The interagency is a force multiplier. And yet, although structures have been developed that recognize this and facilitate interagency operating and decision-making, cultural differences and misinterpretation of strategic intent between the Department of State and the Pentagon, as well as between civilian and military personnel in theatre, often undermine the unity of effort required to achieve strategic objectives. For example, while a joint force commander has the authority to engage with all ambassadors within his area of responsibility, each individual ambassador “is an authority unto [himself/herself] . . . who may have divergent ideas on how to implement national policy.” In addition, regional diplomatic representatives, as heads of regional bureaus (such as the Bureau of South and Central Asian Affairs), are the diplomatic equivalent of the commanders of geographic combatant commands (CENTCOM, AFRICOM, etc.), representing and attempting to coordinate activities throughout a broad joint operations area (JOA). Subsequently, and justifiably, these senior representatives, carry their own input and influence on the decision-making process.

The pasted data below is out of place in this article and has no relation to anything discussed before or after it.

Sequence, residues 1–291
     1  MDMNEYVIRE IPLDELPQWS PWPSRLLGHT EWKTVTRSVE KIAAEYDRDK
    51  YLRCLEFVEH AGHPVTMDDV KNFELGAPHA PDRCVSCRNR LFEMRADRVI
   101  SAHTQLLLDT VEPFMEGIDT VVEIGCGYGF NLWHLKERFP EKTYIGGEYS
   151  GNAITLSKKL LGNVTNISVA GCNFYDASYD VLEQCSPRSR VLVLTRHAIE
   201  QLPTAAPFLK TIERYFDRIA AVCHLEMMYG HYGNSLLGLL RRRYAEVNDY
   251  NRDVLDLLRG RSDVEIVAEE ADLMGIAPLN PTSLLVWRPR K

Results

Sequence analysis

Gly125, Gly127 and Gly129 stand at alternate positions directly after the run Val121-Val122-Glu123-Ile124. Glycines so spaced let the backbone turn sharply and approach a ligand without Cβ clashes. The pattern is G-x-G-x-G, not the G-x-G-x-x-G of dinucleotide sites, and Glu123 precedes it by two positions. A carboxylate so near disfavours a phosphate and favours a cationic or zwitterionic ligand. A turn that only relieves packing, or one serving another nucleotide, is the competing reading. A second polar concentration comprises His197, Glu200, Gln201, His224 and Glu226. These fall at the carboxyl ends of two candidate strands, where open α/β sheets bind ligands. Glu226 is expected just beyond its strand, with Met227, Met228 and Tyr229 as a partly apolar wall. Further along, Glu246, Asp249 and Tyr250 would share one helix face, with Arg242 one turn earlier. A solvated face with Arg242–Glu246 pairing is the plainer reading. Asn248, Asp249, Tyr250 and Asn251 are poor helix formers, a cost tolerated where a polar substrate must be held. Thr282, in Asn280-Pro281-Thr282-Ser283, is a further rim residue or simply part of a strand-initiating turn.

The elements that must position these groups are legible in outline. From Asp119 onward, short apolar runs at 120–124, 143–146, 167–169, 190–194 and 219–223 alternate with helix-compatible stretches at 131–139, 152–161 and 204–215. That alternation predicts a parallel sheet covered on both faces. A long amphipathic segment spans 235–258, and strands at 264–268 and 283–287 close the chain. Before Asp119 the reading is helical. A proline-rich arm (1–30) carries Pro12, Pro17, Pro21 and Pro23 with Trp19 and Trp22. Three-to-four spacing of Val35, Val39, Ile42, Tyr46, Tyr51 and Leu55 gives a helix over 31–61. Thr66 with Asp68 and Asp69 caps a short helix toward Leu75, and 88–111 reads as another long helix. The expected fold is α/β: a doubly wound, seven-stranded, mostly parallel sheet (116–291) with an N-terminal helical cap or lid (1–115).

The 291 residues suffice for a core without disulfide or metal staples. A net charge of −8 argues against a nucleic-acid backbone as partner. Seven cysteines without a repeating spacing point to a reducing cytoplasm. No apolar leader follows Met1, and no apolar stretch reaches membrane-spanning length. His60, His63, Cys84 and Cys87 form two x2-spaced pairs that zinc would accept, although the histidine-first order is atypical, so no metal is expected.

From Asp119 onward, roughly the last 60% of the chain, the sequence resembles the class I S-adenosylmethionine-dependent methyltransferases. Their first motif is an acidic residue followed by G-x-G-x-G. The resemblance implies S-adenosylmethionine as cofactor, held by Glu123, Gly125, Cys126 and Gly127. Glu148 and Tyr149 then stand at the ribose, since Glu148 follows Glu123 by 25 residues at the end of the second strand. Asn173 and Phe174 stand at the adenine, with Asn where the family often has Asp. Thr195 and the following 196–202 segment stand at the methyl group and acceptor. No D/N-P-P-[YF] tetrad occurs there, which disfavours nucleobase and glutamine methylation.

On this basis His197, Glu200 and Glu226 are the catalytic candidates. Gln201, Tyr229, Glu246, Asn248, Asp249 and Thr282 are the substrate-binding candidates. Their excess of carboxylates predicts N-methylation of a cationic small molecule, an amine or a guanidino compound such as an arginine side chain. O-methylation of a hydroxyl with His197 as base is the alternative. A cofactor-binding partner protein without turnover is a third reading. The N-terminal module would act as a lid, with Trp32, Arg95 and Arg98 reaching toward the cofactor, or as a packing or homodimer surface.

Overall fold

The restructuring of Operation Enduring Freedom headquarters in Afghanistan in 2003–2004 generated unity of effort by synchronizing the coalition COIN strategy through “a uniquely structured US country team that seamlessly blended diplomatic, informational, economic and military means.” Simple yet strategically significant efforts, such as collocating senior civilian and military personnel, generated “more agility and speed in dealing with rapidly developing crises.” These attributes should be a base requirement in contemporary stability and reconstruction campaigns, especially in combined efforts involving allies and partners who may have a military and diplomatic culture which does not necessarily reflect that of the United States or other senior partners. This situation currently manifests in Iraq and Syria as the respective counter-ISIS operations performed by Combined Joint Task Force – Operation Inherent Resolve (CJTF-OIR) transition to a “stabilization” phase. Phasing overlaps notwithstanding, coalition stabilization efforts will inevitably require an increase in diplomatic action which builds upon the coalition’s ongoing military successes.